Oct. 4, 2012
The Values Bus rolled into Colorado this week. Our first stop was Denver, the site of last night's presidential debate. Yesterday, we had a chance to meet with some key state legislative leaders at the Centennial State's impressive Capitol. Like Iowa's (and Massachusetts's and West Virginia's) this great domed structure is covered in gold leaf.
I was especially pleased to renew my friendship with Amy Stephens. Years ago, Amy was the policy director for Focus on the Family when I had that role at FRC. Now, Representative Amy Stephens is the Republican leader in the state house. That's a nice change.
Wherever we go on the Values Bus, I make it a point to meet and talk to as many local and state elected officials as I can. It's a most encouraging effort. These are really sharp folks. They are close to their constituents, conscientious, and capable. In Wisconsin, Minnesota, Iowa, and Virginia, we had strong support for the Values Bus from locally elected lawmakers.
With the president headed into Denver for his debate, I had the rare opportunity of agreeing with him. Mr. Obama recently said "Washington is broken and we can't fix it from the inside." You are so right, Sir! And in my remarks on the steps of the State Capitol, I ventured the opinion that it would have been so nice if the President had realized that before his administration took control of banks, insurance companies, college student loans, the nation's health care, GM, and Chrysler.
The impression one gets at these majestic, solid state capitols is of people being capable of self-government. They built these impressive monuments to the peoples' ability to run their own affairs before Mr. Obama pressed on them a stimulus, before he issued mandates, and even before his EPA did an environmental impact study.
We are rolling through the American heartland with our friends from the Heritage Foundation. The Values Bus is a joint project. Heritage's Vice President for Communications, Genevieve Wood, is another long-time friend. She used to fill that role at FRC. She always generously gives FRC a hat tip at each stop. I return the salute, saying we are honored to work with Heritage Foundation as they ride through the heartland dispensing subversive literature--the Declaration of Independence and the Constitution!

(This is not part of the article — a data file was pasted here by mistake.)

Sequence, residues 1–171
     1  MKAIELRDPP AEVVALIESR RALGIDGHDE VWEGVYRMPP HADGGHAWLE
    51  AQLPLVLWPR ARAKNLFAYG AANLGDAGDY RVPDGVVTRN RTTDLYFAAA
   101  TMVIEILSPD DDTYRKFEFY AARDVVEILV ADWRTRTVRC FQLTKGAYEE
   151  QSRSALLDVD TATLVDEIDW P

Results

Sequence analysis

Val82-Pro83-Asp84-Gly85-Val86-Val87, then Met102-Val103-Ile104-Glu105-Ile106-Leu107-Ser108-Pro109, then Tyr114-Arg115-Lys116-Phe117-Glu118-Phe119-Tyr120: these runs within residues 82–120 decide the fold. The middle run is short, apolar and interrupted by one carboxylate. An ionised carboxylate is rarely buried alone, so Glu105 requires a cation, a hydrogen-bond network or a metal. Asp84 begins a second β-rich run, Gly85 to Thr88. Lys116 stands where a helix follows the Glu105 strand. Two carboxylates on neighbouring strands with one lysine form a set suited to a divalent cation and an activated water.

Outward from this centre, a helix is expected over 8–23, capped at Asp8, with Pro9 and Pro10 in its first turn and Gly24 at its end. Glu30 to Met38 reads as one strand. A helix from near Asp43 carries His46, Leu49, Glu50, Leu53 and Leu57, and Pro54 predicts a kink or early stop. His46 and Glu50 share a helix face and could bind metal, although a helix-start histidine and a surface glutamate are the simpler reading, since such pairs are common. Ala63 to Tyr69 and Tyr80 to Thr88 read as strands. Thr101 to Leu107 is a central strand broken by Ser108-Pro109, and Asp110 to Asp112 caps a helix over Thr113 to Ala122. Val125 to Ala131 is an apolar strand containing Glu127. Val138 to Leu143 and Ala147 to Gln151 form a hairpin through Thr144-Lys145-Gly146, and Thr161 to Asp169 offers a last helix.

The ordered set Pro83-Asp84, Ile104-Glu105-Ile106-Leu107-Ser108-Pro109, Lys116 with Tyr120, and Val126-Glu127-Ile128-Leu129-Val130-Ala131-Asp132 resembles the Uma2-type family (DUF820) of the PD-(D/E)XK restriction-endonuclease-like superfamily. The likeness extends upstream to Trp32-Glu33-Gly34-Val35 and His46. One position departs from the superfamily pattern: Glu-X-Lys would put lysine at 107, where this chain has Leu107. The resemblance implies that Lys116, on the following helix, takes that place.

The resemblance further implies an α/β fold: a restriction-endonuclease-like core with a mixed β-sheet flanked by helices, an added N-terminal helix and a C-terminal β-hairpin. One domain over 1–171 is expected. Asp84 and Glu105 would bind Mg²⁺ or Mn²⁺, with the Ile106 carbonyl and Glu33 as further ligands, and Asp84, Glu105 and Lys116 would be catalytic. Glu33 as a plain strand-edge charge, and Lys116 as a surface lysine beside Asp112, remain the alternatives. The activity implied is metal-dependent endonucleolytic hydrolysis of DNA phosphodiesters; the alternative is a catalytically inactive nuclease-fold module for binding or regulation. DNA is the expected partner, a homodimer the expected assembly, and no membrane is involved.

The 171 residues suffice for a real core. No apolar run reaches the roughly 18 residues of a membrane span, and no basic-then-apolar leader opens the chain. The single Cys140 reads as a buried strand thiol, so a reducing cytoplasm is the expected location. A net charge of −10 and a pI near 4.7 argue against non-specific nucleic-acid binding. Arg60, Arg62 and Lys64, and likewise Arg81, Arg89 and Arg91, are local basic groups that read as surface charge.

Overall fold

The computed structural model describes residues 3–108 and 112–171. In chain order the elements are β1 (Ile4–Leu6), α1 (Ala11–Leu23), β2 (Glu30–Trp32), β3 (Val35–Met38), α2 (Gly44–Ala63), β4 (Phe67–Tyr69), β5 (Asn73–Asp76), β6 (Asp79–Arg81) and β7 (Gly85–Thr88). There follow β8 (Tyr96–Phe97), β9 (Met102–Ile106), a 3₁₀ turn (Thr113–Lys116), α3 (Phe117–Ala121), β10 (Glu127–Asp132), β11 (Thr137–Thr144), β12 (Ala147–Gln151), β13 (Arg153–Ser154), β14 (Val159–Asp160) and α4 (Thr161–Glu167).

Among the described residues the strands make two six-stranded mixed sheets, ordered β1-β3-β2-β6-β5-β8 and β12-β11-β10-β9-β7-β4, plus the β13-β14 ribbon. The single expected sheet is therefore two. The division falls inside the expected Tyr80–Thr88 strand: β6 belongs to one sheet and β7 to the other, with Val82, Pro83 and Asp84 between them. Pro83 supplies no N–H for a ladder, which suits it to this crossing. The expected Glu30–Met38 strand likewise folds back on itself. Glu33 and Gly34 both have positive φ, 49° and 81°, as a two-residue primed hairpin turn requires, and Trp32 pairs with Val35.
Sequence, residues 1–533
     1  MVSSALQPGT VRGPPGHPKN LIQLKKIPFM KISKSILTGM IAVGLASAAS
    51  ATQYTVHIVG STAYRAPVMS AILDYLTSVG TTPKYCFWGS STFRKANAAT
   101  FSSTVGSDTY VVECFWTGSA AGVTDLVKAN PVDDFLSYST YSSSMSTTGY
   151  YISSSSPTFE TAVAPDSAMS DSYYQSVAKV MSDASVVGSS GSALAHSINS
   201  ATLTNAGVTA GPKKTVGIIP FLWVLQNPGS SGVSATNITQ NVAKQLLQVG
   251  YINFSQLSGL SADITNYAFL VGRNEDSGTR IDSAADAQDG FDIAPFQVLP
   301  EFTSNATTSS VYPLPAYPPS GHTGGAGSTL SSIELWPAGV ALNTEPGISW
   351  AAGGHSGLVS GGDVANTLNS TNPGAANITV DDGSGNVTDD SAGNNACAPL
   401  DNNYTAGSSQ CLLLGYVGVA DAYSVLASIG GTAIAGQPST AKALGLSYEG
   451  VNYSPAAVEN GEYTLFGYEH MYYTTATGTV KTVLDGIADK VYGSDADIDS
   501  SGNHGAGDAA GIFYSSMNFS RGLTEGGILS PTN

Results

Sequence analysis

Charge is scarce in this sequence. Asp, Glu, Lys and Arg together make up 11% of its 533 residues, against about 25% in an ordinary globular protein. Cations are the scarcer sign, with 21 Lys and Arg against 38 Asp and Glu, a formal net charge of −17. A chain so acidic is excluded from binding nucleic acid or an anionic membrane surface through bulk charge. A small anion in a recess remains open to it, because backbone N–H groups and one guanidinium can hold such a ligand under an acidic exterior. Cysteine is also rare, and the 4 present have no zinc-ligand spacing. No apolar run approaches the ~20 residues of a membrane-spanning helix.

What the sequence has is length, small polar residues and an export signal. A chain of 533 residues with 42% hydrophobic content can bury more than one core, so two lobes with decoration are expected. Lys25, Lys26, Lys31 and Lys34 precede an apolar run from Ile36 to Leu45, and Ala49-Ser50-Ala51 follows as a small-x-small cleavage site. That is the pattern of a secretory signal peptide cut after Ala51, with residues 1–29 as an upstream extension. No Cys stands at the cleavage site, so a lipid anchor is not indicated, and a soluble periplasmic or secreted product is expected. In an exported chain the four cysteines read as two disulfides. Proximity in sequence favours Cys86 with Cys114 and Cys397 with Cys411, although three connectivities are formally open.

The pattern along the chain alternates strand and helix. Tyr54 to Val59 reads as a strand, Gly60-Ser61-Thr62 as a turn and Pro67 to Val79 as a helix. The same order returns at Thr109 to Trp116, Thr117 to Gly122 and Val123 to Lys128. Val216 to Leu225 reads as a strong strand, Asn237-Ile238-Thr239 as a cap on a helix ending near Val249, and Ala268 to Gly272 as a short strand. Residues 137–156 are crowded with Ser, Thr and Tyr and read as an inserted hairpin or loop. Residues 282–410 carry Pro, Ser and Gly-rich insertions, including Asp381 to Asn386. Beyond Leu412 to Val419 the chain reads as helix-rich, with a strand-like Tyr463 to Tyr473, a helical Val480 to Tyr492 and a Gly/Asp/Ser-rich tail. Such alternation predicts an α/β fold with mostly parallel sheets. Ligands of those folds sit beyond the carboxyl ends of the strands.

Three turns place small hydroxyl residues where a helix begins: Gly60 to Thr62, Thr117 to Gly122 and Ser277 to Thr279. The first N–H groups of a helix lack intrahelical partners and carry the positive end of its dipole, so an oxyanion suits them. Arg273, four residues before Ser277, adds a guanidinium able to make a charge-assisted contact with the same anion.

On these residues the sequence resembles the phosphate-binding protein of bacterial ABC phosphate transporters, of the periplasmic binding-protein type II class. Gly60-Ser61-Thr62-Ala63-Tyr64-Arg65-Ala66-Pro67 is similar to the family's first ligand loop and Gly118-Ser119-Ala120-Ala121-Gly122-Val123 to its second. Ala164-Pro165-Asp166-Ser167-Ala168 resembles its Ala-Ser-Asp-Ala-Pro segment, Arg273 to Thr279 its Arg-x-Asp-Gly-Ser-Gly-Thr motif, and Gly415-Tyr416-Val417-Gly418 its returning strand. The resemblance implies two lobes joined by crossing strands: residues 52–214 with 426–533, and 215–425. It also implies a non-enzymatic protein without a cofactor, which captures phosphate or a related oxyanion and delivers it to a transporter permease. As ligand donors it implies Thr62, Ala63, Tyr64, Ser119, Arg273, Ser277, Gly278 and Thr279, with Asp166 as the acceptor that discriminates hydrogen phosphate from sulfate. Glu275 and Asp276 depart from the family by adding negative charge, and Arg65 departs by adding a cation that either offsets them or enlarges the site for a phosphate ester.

Gov. Mitt Romney last night offered this "means test" for a federal program. Is it so critical that we are willing to borrow money from China to continue funding it? So long, Big Bird! And maybe The Jim Lehrer News Hour, too. (Although, after last night's performance as the debate's hesitant moderator, it may be we have liberal agreement on that one.)
Whenever I visit a state capitol, I am moved to ask: "Who would think the people who built this are not capable of running their own schools?" SAT scores are continuing their years-long slide under President Obama. I don't blame him for that. He doesn't take the tests. But I do criticize him and even some of his Republican predecessors for continuing to shovel money at the unconstitutional and wasteful federal education department. Can any Americans point to a single improvement in their local schools we can attribute to the federal education department?
I should know: I worked there for three years in the 1980s. I served under President Ronald Reagan. When a liberal Republican congressman asked for a meeting with the president to talk about the future of the Education Department. Mr. Reagan wrote in the margin of the meeting agenda: "I hope it doesn't have one!" Right you are, Mr. President! And, as Genevieve Wood reminds us: This is how you pile up a $16 Trillion debt.
The state capitols are an eloquent reminder of a time when state and local governments served Americans best because they were closest to the people. If we lose the ability to govern ourselves in our state and local governments, we cannot expect wisdom suddenly to descend on the banks of the Potomac. As Thomas Jefferson said: "If we had to wait for Washington [D.C.] to tell us when to plant, we should soon want bread."